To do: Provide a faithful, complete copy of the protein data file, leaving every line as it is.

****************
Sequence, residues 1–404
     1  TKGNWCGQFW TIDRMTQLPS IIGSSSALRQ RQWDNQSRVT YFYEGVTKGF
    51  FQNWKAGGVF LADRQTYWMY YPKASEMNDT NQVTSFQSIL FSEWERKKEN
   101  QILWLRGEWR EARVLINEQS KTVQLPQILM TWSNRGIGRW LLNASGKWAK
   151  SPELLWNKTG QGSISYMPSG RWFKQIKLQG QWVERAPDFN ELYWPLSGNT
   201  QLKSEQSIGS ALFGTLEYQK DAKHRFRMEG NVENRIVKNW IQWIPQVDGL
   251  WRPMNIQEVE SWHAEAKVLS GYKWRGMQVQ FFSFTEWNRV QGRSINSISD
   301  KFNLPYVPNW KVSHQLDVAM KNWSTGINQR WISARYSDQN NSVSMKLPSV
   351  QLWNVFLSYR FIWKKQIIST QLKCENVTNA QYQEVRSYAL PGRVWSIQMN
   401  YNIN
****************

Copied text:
Sequence, residues 1–404
     1  TKGNWCGQFW TIDRMTQLPS IIGSSSALRQ RQWDNQSRVT YFYEGVTKGF
    51  FQNWKAGGVF LADRQTYWMY YPKASEMNDT NQVTSFQSIL FSEWERKKEN
   101  QILWLRGEWR EARVLINEQS KTVQLPQILM TWSNRGIGRW LLNASGKWAK
   151  SPELLWNKTG QGSISYMPSG RWFKQIKLQG QWVERAPDFN ELYWPLSGNT
   201  QLKSEQSIGS ALFGTLEYQK DAKHRFRMEG NVENRIVKNW IQWIPQVDGL
   251  WRPMNIQEVE SWHAEAKVLS GYKWRGMQVQ FFSFTEWNRV QGRSINSISD
   301  KFNLPYVPNW KVSHQLDVAM KNWSTGINQR WISARYSDQN NSVSMKLPSV
   351  QLWNVFLSYR FIWKKQIIST QLKCENVTNA QYQEVRSYAL PGRVWSIQMN
   401  YNIN